Just call 01280 824 836 or email the experts
T King AssociatesPersonalisation Methods

Advice about ... heat transfer -vs- dye-sublimation -vs- screen printing -vs- embroidery

There are a number of processes that we use to get your logo/image onto your chosen garments. Each has its plus and minus points and differing cost profiles.

Heat Transfer

This process is commonly used for very low production runs, including one-off garments.

Unlike the cheap iron-on transfer paper that you can buy in computer shops, this process uses special CAD-cut pre-coloured paper to make up the image - a bit like a jigsaw. The pre-coloured paper gives much better longevity than the DIY iron-on transfers.

However, the process thereafter is the same. We don't use an iron as such, but have a number of heat presses that allow us to deliver a uniform level of heat across a large area.

Each CAD-cut transfer 'jigsaw' is laid onto the garment and the heat from the heat press causes the ink to transfer from the special paper onto the garment. The CAD-cut transfer can only be used once.

Plus Points

  • Cost effective for very small, or even one-off, production runs
  • Much better quality and longevity that DIY iron-on transfers
  • The special paper can include a range of different textures and finishes, flock, metallic and so on.

Minus Points

  • Image can fade and crack after a number of washes
  • The setup costs make it non-viable for large production runs
  • The complexity of the image can be limited


Dye-sublimation uses a heat press like the heat transfers process, but creates a more permanent image on the fabric. It works with polyester only.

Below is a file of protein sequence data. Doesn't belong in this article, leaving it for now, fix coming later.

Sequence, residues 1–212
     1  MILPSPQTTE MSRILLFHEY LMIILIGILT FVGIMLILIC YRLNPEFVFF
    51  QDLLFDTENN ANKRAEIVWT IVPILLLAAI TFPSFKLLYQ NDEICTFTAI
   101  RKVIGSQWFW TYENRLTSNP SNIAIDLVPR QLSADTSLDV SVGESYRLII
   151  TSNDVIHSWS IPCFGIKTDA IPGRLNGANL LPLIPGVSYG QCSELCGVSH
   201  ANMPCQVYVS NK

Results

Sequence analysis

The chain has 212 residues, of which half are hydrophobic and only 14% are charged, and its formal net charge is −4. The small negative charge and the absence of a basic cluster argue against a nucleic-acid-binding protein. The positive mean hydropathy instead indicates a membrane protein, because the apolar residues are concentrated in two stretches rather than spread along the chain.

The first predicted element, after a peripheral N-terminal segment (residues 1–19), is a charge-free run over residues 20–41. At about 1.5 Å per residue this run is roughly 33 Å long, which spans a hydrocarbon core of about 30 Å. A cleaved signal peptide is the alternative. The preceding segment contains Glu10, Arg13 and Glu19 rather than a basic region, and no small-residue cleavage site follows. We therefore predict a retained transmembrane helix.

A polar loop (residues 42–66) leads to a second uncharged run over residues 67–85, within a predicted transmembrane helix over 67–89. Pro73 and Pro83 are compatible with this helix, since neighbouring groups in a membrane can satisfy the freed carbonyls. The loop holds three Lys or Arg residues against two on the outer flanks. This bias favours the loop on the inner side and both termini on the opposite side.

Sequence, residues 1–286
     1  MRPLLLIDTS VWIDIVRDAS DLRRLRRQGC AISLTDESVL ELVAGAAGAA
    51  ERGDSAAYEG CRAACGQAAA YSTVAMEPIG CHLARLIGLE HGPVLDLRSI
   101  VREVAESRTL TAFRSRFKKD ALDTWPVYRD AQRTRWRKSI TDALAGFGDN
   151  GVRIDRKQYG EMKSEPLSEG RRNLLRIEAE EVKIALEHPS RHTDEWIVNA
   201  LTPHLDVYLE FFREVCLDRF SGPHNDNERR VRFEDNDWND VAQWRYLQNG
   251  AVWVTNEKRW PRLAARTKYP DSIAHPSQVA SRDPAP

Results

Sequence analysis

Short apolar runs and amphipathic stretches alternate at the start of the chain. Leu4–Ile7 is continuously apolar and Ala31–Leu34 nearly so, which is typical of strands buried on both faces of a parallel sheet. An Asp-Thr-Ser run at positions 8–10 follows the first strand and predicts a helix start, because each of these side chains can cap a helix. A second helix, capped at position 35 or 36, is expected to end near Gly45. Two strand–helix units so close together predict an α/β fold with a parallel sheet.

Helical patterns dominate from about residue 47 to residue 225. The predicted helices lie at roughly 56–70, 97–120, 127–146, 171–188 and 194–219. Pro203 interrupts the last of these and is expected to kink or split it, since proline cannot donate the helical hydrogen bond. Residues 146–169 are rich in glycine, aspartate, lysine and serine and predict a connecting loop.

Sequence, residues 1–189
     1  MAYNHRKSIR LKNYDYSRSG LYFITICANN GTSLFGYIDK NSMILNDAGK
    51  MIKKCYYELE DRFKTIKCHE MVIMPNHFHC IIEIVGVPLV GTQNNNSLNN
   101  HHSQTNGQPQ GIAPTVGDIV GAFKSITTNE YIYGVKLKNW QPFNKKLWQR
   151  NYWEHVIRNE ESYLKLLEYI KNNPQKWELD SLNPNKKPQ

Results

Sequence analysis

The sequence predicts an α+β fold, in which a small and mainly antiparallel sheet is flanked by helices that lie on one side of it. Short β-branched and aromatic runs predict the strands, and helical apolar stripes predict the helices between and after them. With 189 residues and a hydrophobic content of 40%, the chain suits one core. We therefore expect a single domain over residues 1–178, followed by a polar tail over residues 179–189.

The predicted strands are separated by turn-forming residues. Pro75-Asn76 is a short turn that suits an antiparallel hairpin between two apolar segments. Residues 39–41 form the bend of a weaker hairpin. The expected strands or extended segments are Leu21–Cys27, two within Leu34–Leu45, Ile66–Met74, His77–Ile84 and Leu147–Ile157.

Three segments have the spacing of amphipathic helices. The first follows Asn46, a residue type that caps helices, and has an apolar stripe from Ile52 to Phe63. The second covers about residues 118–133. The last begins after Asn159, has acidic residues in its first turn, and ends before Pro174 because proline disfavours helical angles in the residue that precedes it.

The image is printed onto special paper using special inks as a single multi-coloured item (looking just like the artwork that you might print on your home or office printer). The paper trimmed and laid onto the garment in the right place and put in the heat press.

The heat of the press causes the pores of the polyester fabric to 'open' and allow the ink/dye to run inside. Once this has completed the garment is taken out and cooled down. The polyester pores 'close' up to their normal position and the ink/dye remains locked in.

The process is similar to tattooing or to permanent hair dying in that the colour is lodged within the medium rather than laid on top of it.

Because it uses a fully printed image to carry the ink, dye-sublimation is very good at transferring near-photo quality images onto garments.

Plus Points

  • Images retain their definition and colour after many washes, with no cracking
  • Images can be complex and near-photo quality
  • No extra cost for using more colours works within the CMYK process
  • Has a fixed setup cost per garment, so is suitable for short production runs

Minus Points

  • Works with polyester only, so limited range of garments/items.
  • The setup cost does not decline as the production volume increases, so can work out more expensive than screen printing for runs over 25 or so.

Screen Printing

Screen printing is widely used where the print run is quite large and the quality feel of embroidery isn't a requirement, or is a large decoration area and thus works out more cost effective than embroidery.

Most commercial t-shirts that have any kind of image on them will have been screen printed. This is because screen printing is a very effective way of printing on cotton at high volume.

The process is named from the 'screens' that are created to make the ink transfer process work. A 'screen' is made of a fine mesh. A light-activated chemical is applied to the surface and exposed to a light source through a film of the image required that has been produced for one of four colours (Cyan, Magenta, Yellow or Black). Where the light passed through the film the chemical on the screen solidifies, and where it didn't it remains soluble. After a while the screen can be washed of the soluble chemical leaving an imprint of the image in solidified chemical.